Now, you talk about the least-developed countries.  They're not having obligations placed on them to make some ridiculous tariff-cutting, market-opening contributions to this in a way that they couldn't support, they're not in a position to do, because they don't have the economic strength to do so.  What we are offering the least-developed countries, the poorest developing nations in the world, and this is something that Europe has led in and persuaded others to agree to at the Hong Kong ministerial at the end of 2005, and that is a system of near-total, duty-free and quota-free access for all goods for all the least-developed countries in the world to the developed markets of the world.

Now, there are ifs and buts.  The coverage isn't 100 percent.  It's sort of 97 percent or 98 percent in the case of the U.S.  I'd like it to be 100 percent as we operate it in Europe.  And what's more, I'd like the Chinas of this world, the Brazils, the Indias to open up their markets more to South-South trade because the greatest barriers that developing countries face to their trade are the high tariffs that are operated in and by other developing countries.  So everyone has a responsibility to make a contribution here, not just the rich world, the developed countries like our own but the emerging economies, too, you know.  Who when they start standing in the way of industrial tariff reductions for the sake of their own sort of protectionism, as some of them as still doing in these negotiations, are not only depriving themselves, in my view, of chances of economic growth which would come about if they were to lower their tariffs, but they're depriving other developing countries of trade opportunities which they need in order to relieve their country's poverty levels.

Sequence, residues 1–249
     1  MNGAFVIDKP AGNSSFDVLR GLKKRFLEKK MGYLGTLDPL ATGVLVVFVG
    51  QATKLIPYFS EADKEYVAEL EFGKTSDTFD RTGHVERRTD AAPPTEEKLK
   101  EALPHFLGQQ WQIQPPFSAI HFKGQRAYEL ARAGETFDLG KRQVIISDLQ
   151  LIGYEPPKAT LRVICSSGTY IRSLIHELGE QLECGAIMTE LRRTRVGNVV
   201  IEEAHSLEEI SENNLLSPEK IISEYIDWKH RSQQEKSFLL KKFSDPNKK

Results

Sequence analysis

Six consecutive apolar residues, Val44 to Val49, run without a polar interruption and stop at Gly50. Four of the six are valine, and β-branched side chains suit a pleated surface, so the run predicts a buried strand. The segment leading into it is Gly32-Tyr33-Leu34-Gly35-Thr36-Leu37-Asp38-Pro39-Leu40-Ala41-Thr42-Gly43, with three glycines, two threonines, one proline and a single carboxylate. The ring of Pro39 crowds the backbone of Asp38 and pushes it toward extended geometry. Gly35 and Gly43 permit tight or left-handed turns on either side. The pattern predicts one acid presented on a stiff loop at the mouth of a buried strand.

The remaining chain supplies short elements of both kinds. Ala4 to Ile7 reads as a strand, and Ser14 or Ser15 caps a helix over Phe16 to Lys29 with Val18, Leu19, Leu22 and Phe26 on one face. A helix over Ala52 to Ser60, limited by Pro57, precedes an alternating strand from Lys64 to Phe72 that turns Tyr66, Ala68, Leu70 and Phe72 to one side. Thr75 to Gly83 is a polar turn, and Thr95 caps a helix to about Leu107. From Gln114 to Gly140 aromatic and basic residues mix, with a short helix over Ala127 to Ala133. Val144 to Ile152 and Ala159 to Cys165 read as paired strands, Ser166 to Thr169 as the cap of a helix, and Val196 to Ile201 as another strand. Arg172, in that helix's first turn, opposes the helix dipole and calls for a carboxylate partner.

So the development agenda most certainly has not gone away.  It hasn't gone away in relation to duty-free, quota-free access.  It hasn't gone away in terms of the aid for trade commitment that was also made at the Hong Kong ministerial.  It hasn't gone away in terms of the unprecedented historical liberalization and restructuring of agricultural trade that we will see coming about as a result of the successful end to this trade round.  But be under no illusions.  The bulk of trade opportunities that developing countries want to see is in industrial goods, not agricultural goods.  The biggest driver of economic growth for developing countries is as it is for us in the developed world, in goods and services not agriculture. 

So those who continue to sort of present this round as an agriculture-only round -- I mean, and it's usually being pushed at that way by the more competitive agriculture emerging economies -- the Argentinas and the Brazils of this world -- are not entirely addressing the broad needs of developing countries as a whole, which as I say are much more in industrial goods liberalization than in agricultural goods.

So you're right to make your point, and you're right to, you know, remind us of our responsibilities but not entirely fair in your judgment of some of us who are trying to negotiate this.

MEDLEY:  On that note, we have to leave, keep our development going.


Thank you very much.

MANDELSON:  Let me just in my final 30 seconds, Richard, if I may, say that you didn't ask me about the future of the European Union itself.  I'm not going to rehearse my views on the future of the European Union except to say that a few months ago I published a pamphlet called "The European Union in the Global Age."  For those of you who are genuine -- the sad aficionados of the European Union's history and future, please, I have a few copies of this available to you.  But even more, I have a website, a European Commission website.  Just go to the website, download the pamphlet and read about what the European Union needs to do and to become in the global age if it's going to be as relevant in this century as it was in the last.

MEDLEY:  Thank you very much.